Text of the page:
Italy: Premier urges parliament to help save his gov't
Italian Prime Minister Giuseppe Conte defended his handling of the pandemic and economic crisis and called for the support of new political forces on Monday, as he addressed the lower house ahead of two confidence votes that will decide his government’s survival.
After former Prime Minister Matteo Renzi pulled out his centrist Italia Viva party from the ruling coalition -- in protest against Conte’s policies and “centralizing” methods -- the Italian government was stripped off its already fragile parliamentary majority.
Conte on Monday hit back at Renzi’s move in his speech -- which was followed by an open debate and a confidence vote expected for Monday evening.
The prime minister slammed the door on a possible new alliance with Italia Viva while appealing to other “willing” lawmakers -- with solid pro-European, democratic, and liberal roots -- to help him continue governing at “epoch-making” times, as Italy struggles to exit the COVID-19 health crisis and a dramatic recession.
Conte stressed that he could not understand a political crisis that he dubbed “baseless” and damaging for Italy and its citizens.
“At this point, we can’t cancel what happened. Now we’re turning the page,” he told lawmakers.
However, after the defections of a few possible allies over the weekend -- including the centrist group Udc -- Conte’s task to build up a new majority in the parliament appears increasingly challenging.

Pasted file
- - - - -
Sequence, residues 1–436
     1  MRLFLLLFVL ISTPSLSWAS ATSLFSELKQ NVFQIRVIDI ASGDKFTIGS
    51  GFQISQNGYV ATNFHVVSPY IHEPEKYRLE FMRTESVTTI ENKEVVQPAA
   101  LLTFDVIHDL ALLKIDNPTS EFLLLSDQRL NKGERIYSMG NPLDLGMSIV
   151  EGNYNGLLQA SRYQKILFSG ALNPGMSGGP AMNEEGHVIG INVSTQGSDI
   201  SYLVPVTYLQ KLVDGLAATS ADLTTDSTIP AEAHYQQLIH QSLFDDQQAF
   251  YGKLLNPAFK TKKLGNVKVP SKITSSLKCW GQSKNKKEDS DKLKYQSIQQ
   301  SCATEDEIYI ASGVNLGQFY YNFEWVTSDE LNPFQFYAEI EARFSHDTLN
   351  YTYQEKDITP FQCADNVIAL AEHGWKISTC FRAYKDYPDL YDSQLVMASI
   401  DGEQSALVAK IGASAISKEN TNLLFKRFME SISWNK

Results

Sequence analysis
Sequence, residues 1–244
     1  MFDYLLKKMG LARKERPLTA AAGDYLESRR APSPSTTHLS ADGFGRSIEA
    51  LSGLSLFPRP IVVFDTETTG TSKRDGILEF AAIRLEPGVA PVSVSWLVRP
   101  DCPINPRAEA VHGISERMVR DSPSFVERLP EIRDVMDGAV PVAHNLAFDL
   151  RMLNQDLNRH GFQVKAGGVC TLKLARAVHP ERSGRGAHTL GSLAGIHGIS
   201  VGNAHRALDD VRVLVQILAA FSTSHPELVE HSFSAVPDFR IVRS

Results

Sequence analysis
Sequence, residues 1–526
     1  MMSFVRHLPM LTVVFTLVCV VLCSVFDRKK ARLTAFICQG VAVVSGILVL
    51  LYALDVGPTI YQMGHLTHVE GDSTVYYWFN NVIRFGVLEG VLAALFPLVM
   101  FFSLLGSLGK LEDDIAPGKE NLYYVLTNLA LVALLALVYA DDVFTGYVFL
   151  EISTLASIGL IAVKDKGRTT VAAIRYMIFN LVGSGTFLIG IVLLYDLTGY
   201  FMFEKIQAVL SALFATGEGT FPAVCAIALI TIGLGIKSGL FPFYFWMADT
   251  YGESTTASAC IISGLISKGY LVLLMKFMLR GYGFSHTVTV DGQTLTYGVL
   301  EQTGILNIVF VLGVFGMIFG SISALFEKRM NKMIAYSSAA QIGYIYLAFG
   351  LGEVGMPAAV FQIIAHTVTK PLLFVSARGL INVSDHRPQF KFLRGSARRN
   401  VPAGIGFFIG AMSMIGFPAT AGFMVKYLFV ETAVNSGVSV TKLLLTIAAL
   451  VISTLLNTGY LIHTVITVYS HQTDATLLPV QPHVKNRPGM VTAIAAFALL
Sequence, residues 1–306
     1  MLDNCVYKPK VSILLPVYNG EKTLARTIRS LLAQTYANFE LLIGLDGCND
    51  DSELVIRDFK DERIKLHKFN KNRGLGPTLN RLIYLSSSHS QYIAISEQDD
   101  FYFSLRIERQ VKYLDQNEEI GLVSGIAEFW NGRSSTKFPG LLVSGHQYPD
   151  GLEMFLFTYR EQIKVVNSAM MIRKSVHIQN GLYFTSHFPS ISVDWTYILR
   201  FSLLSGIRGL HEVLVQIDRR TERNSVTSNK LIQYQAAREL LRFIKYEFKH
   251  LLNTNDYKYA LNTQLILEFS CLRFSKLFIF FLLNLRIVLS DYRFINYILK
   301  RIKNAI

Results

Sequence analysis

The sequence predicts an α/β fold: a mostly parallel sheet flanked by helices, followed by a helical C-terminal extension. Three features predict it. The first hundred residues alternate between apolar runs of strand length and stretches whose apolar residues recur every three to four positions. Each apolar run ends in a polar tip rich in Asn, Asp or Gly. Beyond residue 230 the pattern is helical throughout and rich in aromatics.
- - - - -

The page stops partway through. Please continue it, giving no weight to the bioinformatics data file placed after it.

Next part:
His government is expected to easily win the confidence vote in the Chamber of Deputies, where it enjoys a wider majority. But it will scramble on Tuesday in the Senate, where Conte risks not reaching an absolute majority, making his weakened leadership even less stable.
Conte will likely obtain only a simple majority in the upper house, surviving the confidence vote. But he would emerge from the parliamentary battle with an extremely shaky coalition that would risk collapsing at any divisive vote in the coming months.
In the worst-case scenario, a possible defeat in parliament would leave him with no other choice than stepping down.
In that case, the ball would be in the court of President Sergio Mattarella, who would have the task of consulting parties to find another political solution, possibly a “transition” government led by another political leader or a government of “national unity” headed by a technocrat.
The extreme choice for the president would be dissolving chambers and calling early elections, a very complex option in the middle of a pandemic, which would likely see a sound win of the center-right, nationalist and Eurosceptic bloc.
(c) Anadolu Agency